(WFXR) — Experts with the National Oceanic and Atmospheric Administration (NOAA) and Colorado State University have recently forecast an “extremely active” 2020 Atlantic hurricane season. This, as we approach the peak of the Atlantic hurricane season.
“The peak of the season – August, September, and October – that’s when the bulk, 90-to-95-percent of the hurricanes and major hurricanes form,” said Dr. Gerry Bell, a hurricane climate specialist and research meteorologist for NOAA.
As of Aug. 11, nine named storms have formed in the Atlantic for 2020: including tropical storms Arthur, Bertha, Cristobal, Dolly, Edouard, Fay, and Gonzalo and hurricanes Hanna and Isaias.
For their Aug. 6 update, NOAA experts predict an above-average hurricane season by predicting 19 – 25 named tropical cyclones for the 2020 Atlantic hurricane season. This outlook includes the nine named storms from earlier in the year. NOAA is also expecting seven to eleven hurricanes and, of those, three to six major hurricanes (Category 3 or higher).
Colorado State University has issued forecasts of Atlantic basin hurricane activity for more than 36 years. They have also increased their forecast to show an active 2020 Atlantic hurricane season with 24 named storms, twelve hurricanes, and five major hurricanes.
Both NOAA and Colorado State University have named these factors for why they area forecasting an active tropical cyclone season:
- Warmer-than-average water temperatures in the Atlantic: Warm ocean waters help to fuel tropical cyclones. Tropical systems depend on the heat energy from warm ocean waters in order to strengthen and mature.
- Less vertical wind shear: High wind shear can inhibit tropical cyclone development and weaken cyclones by “shearing” these storms apart. By having less vertical wind shear in place, then tropical cyclones will have the chance to grow and strengthen.
- A potential La Niña: There may be a transition over the weak La Niña conditions later this summer. When there is a La Niña phase in place, vertical wind shear decreases over the Atlantic, allowing for further tropical cyclone development. In the past, hurricane seasons that fall on a La Niña phase have generally been considered active. However, just because a La Niña phase is in place does not necessarily mean more activity.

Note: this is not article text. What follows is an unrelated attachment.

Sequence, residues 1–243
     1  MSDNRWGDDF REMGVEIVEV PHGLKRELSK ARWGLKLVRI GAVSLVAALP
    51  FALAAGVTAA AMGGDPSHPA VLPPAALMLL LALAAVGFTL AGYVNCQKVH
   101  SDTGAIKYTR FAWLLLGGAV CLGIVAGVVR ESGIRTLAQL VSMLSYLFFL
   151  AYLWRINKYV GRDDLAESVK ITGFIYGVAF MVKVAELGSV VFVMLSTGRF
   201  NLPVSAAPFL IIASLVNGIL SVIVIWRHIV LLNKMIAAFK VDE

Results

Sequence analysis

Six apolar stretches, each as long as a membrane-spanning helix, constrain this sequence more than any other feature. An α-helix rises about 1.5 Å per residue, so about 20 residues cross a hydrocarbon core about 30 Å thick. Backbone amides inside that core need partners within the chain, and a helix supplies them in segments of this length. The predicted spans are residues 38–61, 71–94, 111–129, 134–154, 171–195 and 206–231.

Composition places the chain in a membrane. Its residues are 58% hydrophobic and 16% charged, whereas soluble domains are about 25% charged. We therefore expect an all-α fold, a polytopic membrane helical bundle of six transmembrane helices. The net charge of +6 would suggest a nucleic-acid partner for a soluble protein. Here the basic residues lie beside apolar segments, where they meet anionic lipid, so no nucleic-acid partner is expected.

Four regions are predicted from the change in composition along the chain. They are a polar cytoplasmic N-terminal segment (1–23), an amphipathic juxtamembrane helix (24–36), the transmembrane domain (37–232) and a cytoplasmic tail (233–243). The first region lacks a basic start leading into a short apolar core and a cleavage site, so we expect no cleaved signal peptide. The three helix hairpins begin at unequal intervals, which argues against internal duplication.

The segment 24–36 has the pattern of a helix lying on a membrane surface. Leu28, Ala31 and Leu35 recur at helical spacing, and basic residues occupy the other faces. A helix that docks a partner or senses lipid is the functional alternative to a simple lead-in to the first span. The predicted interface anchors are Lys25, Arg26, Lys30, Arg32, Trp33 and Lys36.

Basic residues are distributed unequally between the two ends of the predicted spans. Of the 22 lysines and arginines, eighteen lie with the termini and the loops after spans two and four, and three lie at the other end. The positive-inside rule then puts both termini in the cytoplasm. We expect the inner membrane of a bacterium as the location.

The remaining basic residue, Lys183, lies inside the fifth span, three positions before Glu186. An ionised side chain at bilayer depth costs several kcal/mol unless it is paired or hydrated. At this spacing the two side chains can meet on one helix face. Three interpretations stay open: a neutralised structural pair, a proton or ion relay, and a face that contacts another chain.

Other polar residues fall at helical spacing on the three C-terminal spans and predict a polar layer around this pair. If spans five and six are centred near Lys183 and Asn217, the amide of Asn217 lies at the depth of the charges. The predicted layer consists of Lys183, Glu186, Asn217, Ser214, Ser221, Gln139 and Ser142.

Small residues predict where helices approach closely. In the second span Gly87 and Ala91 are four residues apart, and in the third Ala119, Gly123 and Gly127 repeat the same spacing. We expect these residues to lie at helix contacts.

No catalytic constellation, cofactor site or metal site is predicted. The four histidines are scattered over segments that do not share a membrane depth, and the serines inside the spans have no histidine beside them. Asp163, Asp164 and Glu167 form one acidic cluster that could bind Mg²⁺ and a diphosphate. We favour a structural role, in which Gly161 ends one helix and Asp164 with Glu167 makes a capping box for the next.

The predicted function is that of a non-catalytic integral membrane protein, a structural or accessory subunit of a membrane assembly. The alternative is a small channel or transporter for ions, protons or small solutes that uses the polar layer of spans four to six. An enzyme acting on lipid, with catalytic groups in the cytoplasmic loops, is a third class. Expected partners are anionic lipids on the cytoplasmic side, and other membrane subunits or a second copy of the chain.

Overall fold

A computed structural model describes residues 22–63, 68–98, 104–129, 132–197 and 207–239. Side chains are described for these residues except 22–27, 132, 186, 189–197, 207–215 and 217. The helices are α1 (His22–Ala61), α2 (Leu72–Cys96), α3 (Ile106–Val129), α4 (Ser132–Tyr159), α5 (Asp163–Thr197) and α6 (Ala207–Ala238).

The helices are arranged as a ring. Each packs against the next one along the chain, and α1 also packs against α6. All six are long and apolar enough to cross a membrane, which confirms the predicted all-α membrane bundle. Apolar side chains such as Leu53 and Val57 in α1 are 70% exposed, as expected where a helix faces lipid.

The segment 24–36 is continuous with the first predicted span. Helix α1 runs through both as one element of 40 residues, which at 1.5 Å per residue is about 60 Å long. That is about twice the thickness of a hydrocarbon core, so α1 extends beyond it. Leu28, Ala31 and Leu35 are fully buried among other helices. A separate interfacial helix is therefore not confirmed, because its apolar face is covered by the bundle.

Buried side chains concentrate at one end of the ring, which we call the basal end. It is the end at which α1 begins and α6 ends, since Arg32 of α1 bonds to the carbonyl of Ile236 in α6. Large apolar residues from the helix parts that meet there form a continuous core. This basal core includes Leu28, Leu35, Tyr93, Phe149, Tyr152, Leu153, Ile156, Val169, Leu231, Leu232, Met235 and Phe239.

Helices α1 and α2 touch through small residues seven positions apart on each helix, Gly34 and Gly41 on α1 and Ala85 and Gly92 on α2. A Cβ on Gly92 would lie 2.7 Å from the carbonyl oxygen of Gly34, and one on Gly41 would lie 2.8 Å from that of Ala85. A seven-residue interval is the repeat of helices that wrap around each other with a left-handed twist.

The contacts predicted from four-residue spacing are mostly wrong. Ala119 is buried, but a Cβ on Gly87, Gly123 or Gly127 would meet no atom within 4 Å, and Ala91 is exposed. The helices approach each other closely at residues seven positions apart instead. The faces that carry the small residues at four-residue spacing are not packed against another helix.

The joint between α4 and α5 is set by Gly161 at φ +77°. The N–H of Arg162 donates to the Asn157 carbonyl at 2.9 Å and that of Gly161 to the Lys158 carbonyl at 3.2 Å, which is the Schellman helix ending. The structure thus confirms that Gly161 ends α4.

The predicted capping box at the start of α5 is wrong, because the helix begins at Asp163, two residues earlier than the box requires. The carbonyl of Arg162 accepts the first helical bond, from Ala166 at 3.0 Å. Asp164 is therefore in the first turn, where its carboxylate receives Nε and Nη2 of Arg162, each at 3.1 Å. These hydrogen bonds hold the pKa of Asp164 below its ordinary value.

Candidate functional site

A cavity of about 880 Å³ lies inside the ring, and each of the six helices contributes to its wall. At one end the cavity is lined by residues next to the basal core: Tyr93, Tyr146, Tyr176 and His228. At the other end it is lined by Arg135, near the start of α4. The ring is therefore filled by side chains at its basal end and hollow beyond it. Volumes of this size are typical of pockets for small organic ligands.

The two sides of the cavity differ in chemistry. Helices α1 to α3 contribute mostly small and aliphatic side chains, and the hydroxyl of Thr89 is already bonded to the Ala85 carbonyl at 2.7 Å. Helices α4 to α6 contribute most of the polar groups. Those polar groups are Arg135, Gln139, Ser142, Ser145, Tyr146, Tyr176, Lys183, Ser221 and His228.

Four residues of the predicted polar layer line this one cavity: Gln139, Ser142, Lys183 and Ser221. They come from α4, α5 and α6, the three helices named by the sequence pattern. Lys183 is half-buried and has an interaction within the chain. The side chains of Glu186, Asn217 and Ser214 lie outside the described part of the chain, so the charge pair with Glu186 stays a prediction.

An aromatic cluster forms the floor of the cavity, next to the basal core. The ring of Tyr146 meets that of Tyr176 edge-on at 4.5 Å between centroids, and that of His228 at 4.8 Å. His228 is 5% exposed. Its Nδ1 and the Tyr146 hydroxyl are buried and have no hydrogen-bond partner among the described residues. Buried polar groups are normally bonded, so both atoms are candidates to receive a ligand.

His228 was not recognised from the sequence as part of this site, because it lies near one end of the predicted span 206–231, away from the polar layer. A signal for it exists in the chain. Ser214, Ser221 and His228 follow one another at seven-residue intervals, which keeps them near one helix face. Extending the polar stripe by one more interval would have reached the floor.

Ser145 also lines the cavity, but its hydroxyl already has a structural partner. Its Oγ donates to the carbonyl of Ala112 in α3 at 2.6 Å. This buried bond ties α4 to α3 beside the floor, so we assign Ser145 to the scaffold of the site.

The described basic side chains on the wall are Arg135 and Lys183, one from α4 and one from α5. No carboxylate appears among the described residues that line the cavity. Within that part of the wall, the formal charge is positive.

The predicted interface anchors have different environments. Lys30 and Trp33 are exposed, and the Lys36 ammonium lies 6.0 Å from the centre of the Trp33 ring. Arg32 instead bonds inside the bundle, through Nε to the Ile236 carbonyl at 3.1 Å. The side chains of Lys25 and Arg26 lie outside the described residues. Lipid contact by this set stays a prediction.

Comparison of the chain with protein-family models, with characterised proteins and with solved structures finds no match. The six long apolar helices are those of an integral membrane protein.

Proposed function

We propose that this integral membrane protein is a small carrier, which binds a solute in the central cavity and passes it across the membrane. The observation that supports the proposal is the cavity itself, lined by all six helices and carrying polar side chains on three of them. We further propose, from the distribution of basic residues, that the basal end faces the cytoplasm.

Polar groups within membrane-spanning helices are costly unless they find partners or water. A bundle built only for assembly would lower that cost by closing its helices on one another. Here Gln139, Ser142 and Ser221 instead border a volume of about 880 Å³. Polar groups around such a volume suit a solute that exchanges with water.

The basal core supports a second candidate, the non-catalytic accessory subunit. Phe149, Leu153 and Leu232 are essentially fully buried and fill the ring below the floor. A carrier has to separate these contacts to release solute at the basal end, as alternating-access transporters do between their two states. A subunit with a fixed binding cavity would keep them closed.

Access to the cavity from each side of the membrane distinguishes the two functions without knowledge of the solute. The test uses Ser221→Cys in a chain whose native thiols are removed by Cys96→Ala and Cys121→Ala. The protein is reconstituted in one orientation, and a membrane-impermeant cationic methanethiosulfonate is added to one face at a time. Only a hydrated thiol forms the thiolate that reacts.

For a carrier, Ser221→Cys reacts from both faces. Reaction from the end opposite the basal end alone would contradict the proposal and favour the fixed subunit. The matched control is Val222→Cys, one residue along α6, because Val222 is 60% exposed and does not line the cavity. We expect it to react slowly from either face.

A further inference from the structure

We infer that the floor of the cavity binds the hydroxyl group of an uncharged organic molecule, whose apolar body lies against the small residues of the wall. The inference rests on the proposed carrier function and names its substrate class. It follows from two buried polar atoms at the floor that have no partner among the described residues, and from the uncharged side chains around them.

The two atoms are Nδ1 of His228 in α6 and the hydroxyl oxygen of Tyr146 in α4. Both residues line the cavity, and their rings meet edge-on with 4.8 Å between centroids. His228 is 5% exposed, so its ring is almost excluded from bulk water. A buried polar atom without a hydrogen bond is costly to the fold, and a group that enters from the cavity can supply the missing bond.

Dr. Bell says these factors could be conducive to seeing late season activity as well.
“You tend to have early-season activity, as well as late-season activity — for instance, November,” Dr. Bell said. “So I wouldn’t be surprised at all if we don’t have some systems in November this year.”
One aspect about the outlooks is they don’t forecast how many hurricanes will make landfall.
“Our seasonal hurricane outlook is for the overall activity. It’s not, N-O-T, not a landfall forecast,” Dr. Bell noted. “The reason is — as we all know —where a storm strikes, how many storms strike, how strong they are when they make landfall, all of those characteristics they’re really determined by the weather pattern that are in place at the time that the storm is approaching. You just cannot predict those weather patterns in more than about five days in advance.”
However, Dr. Bell urges others not to solely focus on the number of named storms.
“The key thing here is not the number of the outlook, but rather you need to make sure you’re prepared now because this is the peak of the hurricane season,” Bell explained. “It’s when 90- to 95-percent of all hurricanes and major hurricanes form, and we’ve still have a long ways to go with this season.”
People should make sure they are prepared for any storm that may impact their area. Have a hurricane plan in place in case you need to evacuate from your home. Have an emergency supply kit on hand that not only has the supplies you’ll need to get through the storm, but also for the potential aftermath.
As is the case with all hurricane seasons, coastal residents are reminded that it only takes one hurricane making landfall to make it an active season for them. They should prepare the same for every season, regardless of how much activity is predicted.Department of Atmospheric Science, Colorado State University
It’s important to stay informed as we head into the peak of the Atlantic hurricane season. Make sure to stay up to date with our WFXR Pinpoint Weather Team on-air and online.
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